“Man is weary waiting, waiting for May,
Waiting for pleasant rambles,
Through the fragrant hawthorn brambles” – Walter Furlong, September 1954
Today, May 01st, marks the feast of Bealtaine, the arrival of summer and a day steeped in folklore. Many different traditions and customs were practiced in the past on this day. In a superstitious world full of balances, May split the year in half between two feasts of Samhain (Halloween). Given the beliefs associated with Samhain and the arrival of winter, it is no surprise that Bealtaine held a similar position of importance and folklore which has been lost in the last century. The following is some information recorded in the National Folklore Collection held in UCD relating to the feast day in the Blackstairs Mountains region. It was collected in September 1954 by the full time collector J. G. Delaney from two sources; Mrs. Elizabeth Byrne, Rathnure, Wexford who was 87 at the time (born 1867) and Walter Furlong, Carrigeen, Wexford aged 83 (born 1871). Mr. Furlong, whose information is much more detailed, noted that the feast was very important in his youth. By the time of collection many of the traditions and customs associated with Bealtaine seem to have died out in this region so it is not as rich a resource as in other regions. Information was also collected by P.T. O’Riain from John Long (70) and his wife of Rossard, Carlow in June 1940 (born 1870), J. G. Delaney from Patrick Leary, Rathnure, Wexford (71) in August 1973 (born 1902) and E. Mac Niocláis in the Bunclody region, Carlow/ Wexford in June 1947. For more folklore and history of the feast elsewhere in Ireland, you can check out other blogs such as Irish Archaeology or Vox Hiberionacum.
May 03rd saw the arrival of the hiring season for labourers in Wexford so the feast of Bealtaine gave young people the chance to celebrate and relax for a few days before the busy summer. Workers on the Carlow side didn’t seem to get any break however as the Borris Hiring Fair was held on May Day. Cattle and sheep were also bought and sold at these fairs.According to E. Mac Niocláis, a fair was also held in Bunclody on May Day which was known as “Ladies Fair”. Here young women would dress in their best in anticipation for a June wedding (see below) just as occurred in the “spotting fairs” in the West.
May Day traditions from across the country and in the Blackstairs show that it was considered ill advised to give or throw away butter, fire, dew from the fields and many other objects on this day as to part with such objects was to part with luck. This did not seem to transfer to money as rents had to be paid by May 01st.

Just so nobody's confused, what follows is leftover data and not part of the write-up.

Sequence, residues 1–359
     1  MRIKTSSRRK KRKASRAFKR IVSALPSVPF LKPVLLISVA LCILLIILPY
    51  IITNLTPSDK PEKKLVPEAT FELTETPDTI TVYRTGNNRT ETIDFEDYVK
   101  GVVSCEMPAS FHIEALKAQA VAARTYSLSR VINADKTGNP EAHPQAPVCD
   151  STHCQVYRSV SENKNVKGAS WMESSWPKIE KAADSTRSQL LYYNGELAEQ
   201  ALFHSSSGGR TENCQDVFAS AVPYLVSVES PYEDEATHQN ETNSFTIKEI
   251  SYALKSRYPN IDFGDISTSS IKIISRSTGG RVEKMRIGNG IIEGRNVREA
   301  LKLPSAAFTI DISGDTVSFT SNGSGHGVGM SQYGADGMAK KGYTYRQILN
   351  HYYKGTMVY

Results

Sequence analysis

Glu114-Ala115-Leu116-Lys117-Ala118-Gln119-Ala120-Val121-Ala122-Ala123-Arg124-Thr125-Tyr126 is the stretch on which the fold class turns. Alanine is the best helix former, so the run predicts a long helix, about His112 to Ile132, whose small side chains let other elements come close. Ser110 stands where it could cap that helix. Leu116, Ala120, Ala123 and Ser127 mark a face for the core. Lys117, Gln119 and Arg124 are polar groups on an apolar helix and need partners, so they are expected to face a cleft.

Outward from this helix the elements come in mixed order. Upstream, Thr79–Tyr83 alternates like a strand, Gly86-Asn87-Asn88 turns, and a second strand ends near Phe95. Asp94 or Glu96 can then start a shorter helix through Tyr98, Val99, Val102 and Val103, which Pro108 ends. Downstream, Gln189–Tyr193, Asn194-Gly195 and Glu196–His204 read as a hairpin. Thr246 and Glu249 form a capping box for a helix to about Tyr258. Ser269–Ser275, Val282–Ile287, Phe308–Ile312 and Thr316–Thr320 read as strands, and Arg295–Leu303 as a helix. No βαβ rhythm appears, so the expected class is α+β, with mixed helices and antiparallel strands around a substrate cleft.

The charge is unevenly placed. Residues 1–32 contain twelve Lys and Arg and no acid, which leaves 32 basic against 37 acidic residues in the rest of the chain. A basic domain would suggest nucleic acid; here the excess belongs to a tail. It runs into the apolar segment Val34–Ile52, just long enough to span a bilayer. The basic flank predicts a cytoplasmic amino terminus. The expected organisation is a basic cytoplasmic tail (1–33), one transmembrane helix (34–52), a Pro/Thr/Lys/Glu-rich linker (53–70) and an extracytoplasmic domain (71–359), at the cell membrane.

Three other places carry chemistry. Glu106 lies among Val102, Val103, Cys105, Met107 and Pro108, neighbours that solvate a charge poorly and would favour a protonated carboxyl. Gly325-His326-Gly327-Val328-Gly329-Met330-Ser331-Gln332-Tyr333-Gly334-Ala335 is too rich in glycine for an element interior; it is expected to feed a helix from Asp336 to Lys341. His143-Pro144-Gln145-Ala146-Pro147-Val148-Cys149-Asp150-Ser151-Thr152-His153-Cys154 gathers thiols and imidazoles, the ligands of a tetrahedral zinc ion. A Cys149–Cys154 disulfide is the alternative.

Despite their proximity, the tradition of having people on the land on May Day contrasted greatly between two sources which noted it. Mrs. Byrne in Rathnure noted how neighbours were invited over by farmers to walk the land. Mr. Furlong in Carrigeen, stated that it was very unlucky to have people on the land on this day. He also warned that wells had to be watched on May Eve and Day for fear of the local fairy women who “were able to work some divilment”. Unwary farmers could have the top of the well skimmed by this woman. In doing so she took their butter for the year through the magic of transfer and no matter how much the milk was churned it would not form butter. He recalled how his father and Jim Kehoe of Tomenine, Wexford were in a pub in Aughtiegemore (sic.) on May Eve one year. As they were “walking home they saw an old woman sitting beside a well. “What are you doing there this time of night” says Jim. “This is a fine airy place” says she. “Airy as it is” says he “we’ll give you a bath” and he thrun (sic.) her in body and bones”. John Long recalled how his family fell foul of such magic when his family lost their butter to a fairy woman who took grass from their field. His mother walked into the cowhouse one May morning to find what looked like butter with milk dripping from it hanging on the piece of wood where the cows were tied up to be milked. She threw it in the fire out of suspicion but in the coming weeks no matter how much she churned, she could get no butter from the milk. She went to the parish priest who told her to put only salt and water into the churn and to place the Gospel of St. John underneath. She did this and got the butter back!